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13-019MR ASIC cancels licences of national financial planning business
ASIC has cancelled the Australian financial services (AFS) licences of AAA Financial Intelligence and AAA Shares (in liquidation) (AAA) after it found it had comprehensively and repeatedly failed to comply with the Corporations Act 2001 and the conditions of its AFS licence.
ASIC was particularly concerned about the level of supervision of the representatives AAA appointed and, in effect, their conduct and the advice they provided to retail clients.
AAA was a national financial planning business, based in Sydney. It provided financial planning advice via its network of 186 Authorised Representatives.
Following a surveillance of the business starting in June 2010, ASIC found AAA had breached the majority of its licence obligations.
adopted a business model that only allowed it to increase cash flow by increasing the number of advisers it authorised. The fee charged did not maintain sufficient financial resources to comply with its general obligations
failed to maintain adequate human resources and technological resources to identify who its representatives were, the clients being serviced and the products being sold and to carry out supervisory arrangements
failed to ensure that representatives had the necessary knowledge and skills prior to appointing them as authorised representatives and after they were appointed, failed to ensure that they were adequately trained and competent to provide financial services under the licence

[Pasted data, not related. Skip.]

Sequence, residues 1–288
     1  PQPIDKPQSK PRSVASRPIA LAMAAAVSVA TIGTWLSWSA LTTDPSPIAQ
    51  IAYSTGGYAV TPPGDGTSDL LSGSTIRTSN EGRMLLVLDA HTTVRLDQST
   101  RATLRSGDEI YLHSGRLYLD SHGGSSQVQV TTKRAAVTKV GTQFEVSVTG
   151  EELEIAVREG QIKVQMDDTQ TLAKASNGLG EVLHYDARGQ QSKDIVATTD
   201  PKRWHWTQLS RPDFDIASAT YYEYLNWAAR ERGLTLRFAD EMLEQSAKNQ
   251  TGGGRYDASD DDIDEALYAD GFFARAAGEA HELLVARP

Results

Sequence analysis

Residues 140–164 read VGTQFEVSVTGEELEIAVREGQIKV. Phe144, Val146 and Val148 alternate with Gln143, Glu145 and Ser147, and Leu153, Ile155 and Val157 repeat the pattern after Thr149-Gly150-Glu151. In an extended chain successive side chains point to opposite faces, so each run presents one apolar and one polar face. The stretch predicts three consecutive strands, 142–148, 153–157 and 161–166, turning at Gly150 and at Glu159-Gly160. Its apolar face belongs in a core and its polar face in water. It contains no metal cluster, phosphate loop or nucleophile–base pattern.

failed to implement adequate supervision and compliance measures, including advice audits. AAA outsourced its advice audit program to an external party without adequate supervision, failed act in accordance with its own audit policy and failed to remediate advice and conduct issues when they were identified
failed to ensure that its representatives complied with relevant financial services laws when providing financial advice to retail clients
failed to identify and manage conflicts of interest, and
failed to act efficiently, honestly and fairly in respect of the templates and guidelines it provided to its representatives, representative audit reports, complaints handling and record keeping.
ASIC Commissioner Peter Kell said: ‘Licensees have a general obligation to do all things necessary to ensure they provide financial services efficiently, honestly and fairly.
‘AAA Financial Intelligence was found to have an appalling record that put at risk the quality of advice it provided to retail clients.
‘ASIC uses a number of regulatory remedies to improve and enforce compliance with the laws it regulates, which includes cancelling an AFS licence. The cancellation of AAA’s licence demonstrates ASIC’s commitment to ensuring advice industry participants are meeting their key obligations, including having adequate compliance measures in place.’
ASIC has put in place a communication strategy for the representatives of AAA, including asking all representatives of AAA to communicate the consequences of the licence cancellation to their clients.
The cancellation of AAA Financial Intelligence’s AFS licence and AAA Shares’ AFS licence took effect on 29 January 2013 when the orders were served. The delay in publication of the AAA Financial Intelligence decision follows proceedings at the Administrative Appeals Tribunal (AAT).
AAA Shares has the right to seek a review in the AAT of ASIC’s decision.